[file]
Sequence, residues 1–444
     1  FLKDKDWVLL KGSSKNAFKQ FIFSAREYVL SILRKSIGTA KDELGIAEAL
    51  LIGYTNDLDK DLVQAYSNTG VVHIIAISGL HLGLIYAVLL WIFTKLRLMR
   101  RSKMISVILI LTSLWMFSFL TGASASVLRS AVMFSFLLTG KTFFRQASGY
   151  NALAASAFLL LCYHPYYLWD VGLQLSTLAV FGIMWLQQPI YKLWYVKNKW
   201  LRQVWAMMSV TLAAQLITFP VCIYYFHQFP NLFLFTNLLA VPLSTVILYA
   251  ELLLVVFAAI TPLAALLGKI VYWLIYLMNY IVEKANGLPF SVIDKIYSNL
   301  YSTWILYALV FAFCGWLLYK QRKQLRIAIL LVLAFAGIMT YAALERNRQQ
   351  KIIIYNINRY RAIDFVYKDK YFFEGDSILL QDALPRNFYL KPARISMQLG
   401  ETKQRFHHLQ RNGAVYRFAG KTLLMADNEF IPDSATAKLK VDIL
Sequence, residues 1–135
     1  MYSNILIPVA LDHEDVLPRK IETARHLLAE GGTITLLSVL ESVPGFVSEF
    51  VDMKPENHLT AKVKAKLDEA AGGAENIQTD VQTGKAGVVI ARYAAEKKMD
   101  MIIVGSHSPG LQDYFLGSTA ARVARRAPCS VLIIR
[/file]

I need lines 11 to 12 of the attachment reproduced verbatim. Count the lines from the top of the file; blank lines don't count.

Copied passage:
Sequence, residues 1–135
     1  MYSNILIPVA LDHEDVLPRK IETARHLLAE GGTITLLSVL ESVPGFVSEF